I’ve alluded to a $10,000 home repair Neil accomplished this summer. Here’s his account of the project, why it was worth DIYing, and what he learned from the experience.
One early winter afternoon I was putting some items under my deck, where I store many outdoor items, such as my wheelbarrow and chicken tractor, when I noticed a bit of brown dust escaping the yellow siding of my house. That’s strange, I thought as I lifted the siding a bit to investigate. That’s funny the house should have sheathing on it, but it doesn’t. Hmmm, I should be able to see the insulation but I can’t. Let me just reach my hand here and feel around a bit. Here’s a stud, let’s just grab a hold of that and… a feeling of dread washed over me. The stud completely crumbled in my hand. I had a serious problem. A house-about-to-fall-down, crazy-expensive-to-fix type of problem.
Luckily, my brother is a remodeling contractor and he was willing to come check it out right away. Because Frugal Friends Don’t Let Friends… handle major home repairs alone. We decided that wall failure was not imminent, but should addressed as soon as the weather broke. Once spring was in full swing, my brother and I picked a weekend to get started. We first had to cut away the deck about 3 feet away from the wall. This included decking and joists, which is a bit of a job in itself. Then we had to get a good view of how bad the problem was. It was bad. Here’s a pic.
It appeared that the deck was built attached to the house with its wood penetrating the siding. Water collected on the deck and leaked into the house, moistening the sheathing and studs. Carpenter ants detected the weakened wood and took up residence in it. In retrospect, the room that this wall contained had more than a normal amount of ants. Growing up we always had ants so I didn’t think much of it. Well, those bastards ate an entire wall of my house! It was ugly. The header was gone. The studs were demolished. We even had to build an interior temporary safety wall to hold up the house while we removed all the bad wood. It’s hard to exaggerate how extensive the damage was.
We re-built the deck with a different design so that it is separate from the house, and put in a new supporting beam. I’d say with deck removal, temporary wall construction, demolition, reconstructing the new wall, re-insulating, re-sheathing, re-siding, re-painting, re-building the deck, and finally re-staining, this easily would have been $8k to $10k to hire out. I spent $1200, total. Sure, it took me a number of weekends during the spring and summer. I had to inconvenience myself, my family, and especially my brother to get the job done. But it was worth it. There wasn’t even a question that I would be tackling this job DIY.
The moral of the story is that one can extend their emergency fund a looooong way with a few friends, a few skills, and bit of bravado. It would have been easier to give in and hire a contractor. That would have been acceptable considering how extensive the project was. However, the job wouldn’t have been completed to my exact specifications and I wouldn’t have bonded with my brother over it. Since we DIY so much, my son doesn’t have a category for someone else working on the house. He was very excited to be involved with the work by watching and “helping.” As soon as I discovered the damage he grabbed his hard hat and announced excitedly to his mom that we had some construction to do!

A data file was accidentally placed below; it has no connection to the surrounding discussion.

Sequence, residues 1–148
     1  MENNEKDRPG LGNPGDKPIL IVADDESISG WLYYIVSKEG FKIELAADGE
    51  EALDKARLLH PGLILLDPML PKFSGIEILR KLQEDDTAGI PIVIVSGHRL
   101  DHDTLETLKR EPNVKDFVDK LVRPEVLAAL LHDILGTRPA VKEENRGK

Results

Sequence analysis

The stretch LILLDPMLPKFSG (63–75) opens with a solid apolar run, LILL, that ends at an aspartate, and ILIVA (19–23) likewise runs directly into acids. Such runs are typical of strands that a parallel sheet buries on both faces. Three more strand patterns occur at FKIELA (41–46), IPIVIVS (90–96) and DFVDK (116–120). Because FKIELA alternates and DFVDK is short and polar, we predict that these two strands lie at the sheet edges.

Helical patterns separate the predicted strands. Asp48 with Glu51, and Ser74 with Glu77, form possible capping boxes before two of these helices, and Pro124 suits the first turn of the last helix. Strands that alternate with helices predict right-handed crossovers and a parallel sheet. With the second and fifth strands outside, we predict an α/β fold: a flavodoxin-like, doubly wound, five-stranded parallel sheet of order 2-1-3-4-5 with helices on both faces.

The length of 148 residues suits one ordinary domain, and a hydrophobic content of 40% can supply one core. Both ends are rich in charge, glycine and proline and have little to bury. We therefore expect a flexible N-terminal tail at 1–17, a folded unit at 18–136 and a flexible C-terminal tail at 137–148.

Best of all, my emergency fund didn’t even know there was an emergency. Since it took a while to complete the job, I cash flowed the $1200. One could argue that my time would have been better spent elsewhere. I beg to differ. From a purely financial sense, let’s say I spent 80 hours of my own time and my brother 40. Even at the low end of the value estimate, that’s $66 dollars an hour. (If my brother is reading this, the check is in the mail ;)) I don’t know what kind of side hustle you got, but I bet it’s not pulling in $66 to $83 an hour. Plus, I have even more confidence to handle jobs on our house, and to handle a similar situation at a friend’s house if necessary.
I certainly increased my usefulness through the project, which is an unexpected advantage of frugal living. I learned new skills like sill sealing, high quality caulking, the intricacies of framing, and how to build decks that don’t rot (this free resource was extremely helpful). With only half a deck all summer, we practiced the principles that everything doesn’t have to be perfect and Life is Not About Your Preferences. It’s also a prime example of the hidden costs (and headaches) of home ownership.
So extend your emergency fund with friends, skills, and bravado. Good luck!
What’s the biggest DIY project you’ve tackled? What skills did you learn?